Exit Separation

Exit Separation by Steven Geens

Instructor A Thesis

Foreword

The reason I chose this subject for my Instructor A Thesis is that there are still a lot of skydivers who should know a little more about this topic. How many times have you heard the question “How much time between exits?” and someone answers “5 seconds is fine”, not knowing what the groundspeed of the aircraft is or what kind of skydive that person is doing.

Another thing that some skydivers do is rely on vertical separation. This is a bad habit and shouldn’t be recommended. Imagine slow openings, premature openings and malfunctions, and gone is our separation. So when I consider separation in this thesis I mean horizontal separation.

We also have a constant stream of new people coming into the sport, and they should be given more information about this subject fairly soon in their skydiving career.

I hope that after reading this thesis people will have greater understanding of how they can achieve a safe separation between different freefall groups.


Introduction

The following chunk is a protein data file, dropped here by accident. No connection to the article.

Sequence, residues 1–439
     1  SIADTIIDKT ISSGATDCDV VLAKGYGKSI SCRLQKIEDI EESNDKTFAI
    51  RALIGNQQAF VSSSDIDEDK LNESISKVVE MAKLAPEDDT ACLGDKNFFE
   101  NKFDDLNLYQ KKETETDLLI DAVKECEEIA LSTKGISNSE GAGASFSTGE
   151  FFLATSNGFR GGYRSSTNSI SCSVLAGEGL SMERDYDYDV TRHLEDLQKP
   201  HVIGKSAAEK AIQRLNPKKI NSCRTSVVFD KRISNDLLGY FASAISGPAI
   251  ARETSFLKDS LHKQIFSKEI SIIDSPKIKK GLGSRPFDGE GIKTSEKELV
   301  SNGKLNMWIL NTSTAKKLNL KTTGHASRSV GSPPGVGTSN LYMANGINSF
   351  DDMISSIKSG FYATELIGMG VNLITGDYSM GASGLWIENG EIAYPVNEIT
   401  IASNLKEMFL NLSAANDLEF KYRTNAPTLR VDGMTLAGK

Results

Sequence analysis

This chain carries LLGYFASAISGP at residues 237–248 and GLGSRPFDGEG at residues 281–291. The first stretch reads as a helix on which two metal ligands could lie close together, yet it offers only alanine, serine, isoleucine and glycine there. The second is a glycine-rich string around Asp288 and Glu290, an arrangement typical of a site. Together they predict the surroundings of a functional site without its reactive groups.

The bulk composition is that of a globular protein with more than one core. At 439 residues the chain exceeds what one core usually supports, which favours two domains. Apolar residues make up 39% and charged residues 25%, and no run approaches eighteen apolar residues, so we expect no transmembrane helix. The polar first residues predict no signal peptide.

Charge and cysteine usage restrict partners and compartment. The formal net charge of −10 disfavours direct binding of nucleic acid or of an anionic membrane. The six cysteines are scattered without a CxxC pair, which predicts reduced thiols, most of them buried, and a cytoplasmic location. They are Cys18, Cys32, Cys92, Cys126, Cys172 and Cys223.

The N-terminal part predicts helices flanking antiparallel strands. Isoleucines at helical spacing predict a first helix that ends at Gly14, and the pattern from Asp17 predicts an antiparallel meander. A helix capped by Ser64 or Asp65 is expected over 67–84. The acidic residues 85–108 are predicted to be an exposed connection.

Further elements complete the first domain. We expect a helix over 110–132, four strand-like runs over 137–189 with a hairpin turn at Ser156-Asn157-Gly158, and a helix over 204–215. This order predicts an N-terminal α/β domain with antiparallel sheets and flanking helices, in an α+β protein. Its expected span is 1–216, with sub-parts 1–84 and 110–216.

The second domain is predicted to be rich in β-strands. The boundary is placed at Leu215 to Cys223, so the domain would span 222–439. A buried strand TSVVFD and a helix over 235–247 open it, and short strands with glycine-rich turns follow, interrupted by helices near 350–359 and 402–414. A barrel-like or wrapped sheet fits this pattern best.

In recent years exit spacing (how much time/distance between exits) and exit order (which group/discipline exits when) has become a lot more complicated than say ten years ago. There are several reasons for this:

  • Different freefall speeds (freefly or formation skydiving)
  • Disciplines that cover large horizontal distances (tracking, flocking, atmonauti)
  • More dropzones using bigger turbine aircraft (more altitude, more exits)
  • Faster canopies (require more distance between one another on opening)
  • Different opening altitudes (students, tandems, canopy exercises)

In this thesis I will try to show that how and when we leave a plane is very important in connection with all the above factors, and that in fact it can make the difference between fun and tragedy.

I’ll start very theoretically by calculating the distance/time needed between two groups flying the same discipline on a nil wind day. Then I will show how different freefall speeds, freefall drift and wind speeds can influence the required distance/time between the exits. The last section will discuss disciplines that use a lot of horizontal space or have higher opening altitudes.

Jumprun

How long can we make a jumprun so that every jumper has a fair chance to land on the DZ? Canopies these days have an average airspeed of 13 m/s and average descent rate of 6.5 m/s . We usually have open parachutes by around 2500 ft, so the useful height we have left to fly to the DZ will be around 2000 ft. (You lose a bit of time after opening while checking your airspace and turning to the DZ, and a but with turning into wind for landing.)

2000 ft useful height and an average descent rate of 6.5 m/s gives us 92 seconds under canopy. In this time we can cover 1200 m. The maximum jumprun would then be 2400 m. This 2400 m length is always the same and will just shift over the DZ, depending on the winds.

For example: